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Right-to-die activists hope more countries will allow assisted suicide or euthanasia in coming years as the world population ages, but opponents are determined to stop them, a dispute that flared ahead of competing conferences in Switzerland.”We have seen over the last 20 years a general migration of positivity towards this being a just cause,” Ted Goodwin, the American president of the World Federation of Right-to-Die Societies, told a news conference in Zurich on Tuesday.
Goodwin was speaking as representatives of 55 right-to-die societies from around the world gathered for a three-day congress to mark the 30th anniversary of Exit, a Swiss group which provides lethal drugs to help the terminally ill die.
Assisted suicide has been legal in Switzerland since 1942, if performed by a non-physician who has no direct interest in the death. Euthanasia, or “mercy killing”, is legal only in the Netherlands, Luxembourg, Belgium, and the U.S. state of Oregon.
Goodwin said the election of Socialist Francois Hollande as French president could help the euthanasia cause in Europe. Hollande has said he favours euthanasia under strict conditions.
“If France falls into line, I believe Germany will also adopt it. That is a game changer in Europe,” he said, noting support for reform was also gaining traction in Australia and Massachusetts. “Things are happening slowly but surely.”
He said ageing societies meant that half of medical costs are now falling in the last three to six months of life on care that does not change the trajectory of a disease.
The number of Swiss residents who died by assisted suicide rose sevenfold between 1998 and 2009 to almost 300, statistics published for the first time showed in March.
“BURDEN FOR SOCIETY”
The Euthanasia Prevention Coalition is organising an alternative conference on Friday to coincide with the public part of the Right-to-Die gathering in Zurich.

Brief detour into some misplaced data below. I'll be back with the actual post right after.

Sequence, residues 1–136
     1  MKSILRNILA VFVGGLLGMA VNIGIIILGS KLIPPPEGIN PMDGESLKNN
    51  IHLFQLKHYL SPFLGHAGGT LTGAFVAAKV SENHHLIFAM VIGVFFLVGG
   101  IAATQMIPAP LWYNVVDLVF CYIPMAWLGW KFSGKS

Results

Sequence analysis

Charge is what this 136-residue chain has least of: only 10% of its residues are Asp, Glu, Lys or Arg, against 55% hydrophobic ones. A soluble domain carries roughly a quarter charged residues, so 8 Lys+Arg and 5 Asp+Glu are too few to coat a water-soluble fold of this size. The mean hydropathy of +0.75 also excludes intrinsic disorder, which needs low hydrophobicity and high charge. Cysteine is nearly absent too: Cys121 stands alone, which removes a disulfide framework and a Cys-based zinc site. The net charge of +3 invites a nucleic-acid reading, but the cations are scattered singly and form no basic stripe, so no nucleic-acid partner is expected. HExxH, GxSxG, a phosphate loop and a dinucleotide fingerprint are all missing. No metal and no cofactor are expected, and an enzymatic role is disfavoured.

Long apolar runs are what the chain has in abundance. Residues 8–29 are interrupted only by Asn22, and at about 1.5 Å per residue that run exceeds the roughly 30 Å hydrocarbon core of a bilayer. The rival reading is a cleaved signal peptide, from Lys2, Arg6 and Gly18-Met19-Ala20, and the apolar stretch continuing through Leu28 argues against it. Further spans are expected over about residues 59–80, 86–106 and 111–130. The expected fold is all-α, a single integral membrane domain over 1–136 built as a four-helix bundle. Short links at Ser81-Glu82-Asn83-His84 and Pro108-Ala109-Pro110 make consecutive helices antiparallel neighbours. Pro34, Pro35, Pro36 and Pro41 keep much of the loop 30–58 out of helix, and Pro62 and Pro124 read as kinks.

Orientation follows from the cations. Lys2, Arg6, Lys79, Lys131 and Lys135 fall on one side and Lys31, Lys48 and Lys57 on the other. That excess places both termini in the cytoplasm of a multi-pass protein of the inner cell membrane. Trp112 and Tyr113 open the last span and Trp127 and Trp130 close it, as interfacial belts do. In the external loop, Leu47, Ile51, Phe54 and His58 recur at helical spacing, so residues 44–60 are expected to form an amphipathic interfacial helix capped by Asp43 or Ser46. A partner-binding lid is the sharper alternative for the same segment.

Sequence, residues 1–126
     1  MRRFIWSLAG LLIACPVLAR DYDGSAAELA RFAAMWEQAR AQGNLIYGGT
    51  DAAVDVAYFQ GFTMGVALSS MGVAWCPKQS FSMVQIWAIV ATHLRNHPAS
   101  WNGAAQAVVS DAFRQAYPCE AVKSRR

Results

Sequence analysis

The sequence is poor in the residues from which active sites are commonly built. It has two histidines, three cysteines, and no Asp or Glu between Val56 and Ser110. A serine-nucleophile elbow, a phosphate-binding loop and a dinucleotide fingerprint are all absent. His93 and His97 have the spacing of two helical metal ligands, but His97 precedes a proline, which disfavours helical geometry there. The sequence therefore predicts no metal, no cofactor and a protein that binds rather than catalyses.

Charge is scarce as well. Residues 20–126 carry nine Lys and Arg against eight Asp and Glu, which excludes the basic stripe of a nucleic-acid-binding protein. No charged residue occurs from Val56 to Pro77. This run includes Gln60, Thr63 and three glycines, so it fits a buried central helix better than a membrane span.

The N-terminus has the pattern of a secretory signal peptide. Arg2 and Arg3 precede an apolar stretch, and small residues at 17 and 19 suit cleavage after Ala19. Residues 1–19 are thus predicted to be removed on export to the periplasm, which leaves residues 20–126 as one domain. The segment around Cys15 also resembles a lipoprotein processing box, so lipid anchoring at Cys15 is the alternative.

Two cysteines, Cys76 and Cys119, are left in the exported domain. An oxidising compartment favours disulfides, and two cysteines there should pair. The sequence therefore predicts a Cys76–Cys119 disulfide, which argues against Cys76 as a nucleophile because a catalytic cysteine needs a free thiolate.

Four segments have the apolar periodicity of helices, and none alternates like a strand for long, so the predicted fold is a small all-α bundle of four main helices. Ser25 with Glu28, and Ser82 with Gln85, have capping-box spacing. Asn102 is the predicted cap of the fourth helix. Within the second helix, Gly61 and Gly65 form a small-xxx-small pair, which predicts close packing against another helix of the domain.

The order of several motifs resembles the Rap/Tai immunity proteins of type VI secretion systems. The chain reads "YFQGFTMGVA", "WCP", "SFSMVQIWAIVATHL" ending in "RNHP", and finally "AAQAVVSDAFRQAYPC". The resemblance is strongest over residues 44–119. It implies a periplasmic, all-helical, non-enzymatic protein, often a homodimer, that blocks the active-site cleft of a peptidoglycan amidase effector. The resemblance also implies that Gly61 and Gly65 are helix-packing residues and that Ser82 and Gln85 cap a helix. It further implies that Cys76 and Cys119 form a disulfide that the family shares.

“Together with the increasing cost pressure in the health sector and the increasing loneliness of older people, organised assistance for suicide is a breeding ground which promotes suicide,” Roland Graf, a priest who is vice-president for Human Life International Switzerland, told a separate news conference.
“The pressure is growing on people who can no longer give to society what is expected of them. They increasingly feel themselves as a burden for society and their relatives.”
A rise in terminally ill foreigners – particularly from Germany, France and Britain – travelling to Switzerland to commit suicide have prompted calls in recent years for the country to tighten its liberal laws.
But in 2010, voters in Zurich overwhelmingly rejected proposed bans on assisted suicide and “suicide tourism”, and in 2011, the national government decided against imposing new limits on assisted suicide.
Goodwin said the examples of Switzerland, Netherlands, Belgium and Oregon had not shown any noteworthy abuse.
“Ours is a mission of compassion, of generosity. We know that no-one is more vulnerable than those who are dying and those dying in pain,” he said. “Society can provide protection for vulnerable individuals.”
Exit President Saskia Frei said the practice was carefully monitored by the Swiss authorities: “There is no death which is as closely investigated as assisted suicide,” she said.
Yet Alex Schadenberg, the executive director of the Euthanasia Prevention Coalition, pointed to studies from the Netherlands and Belgium which he said showed significant numbers of deaths by euthanasia “without explicit request or consent”.
“The problem with euthanasia or assisted suicide is you’re giving somebody else the right to be involved in causing your death,” he said.
“Society needs to be vigilant about suffering, but the answer is not giving power over life and death to somebody else.”
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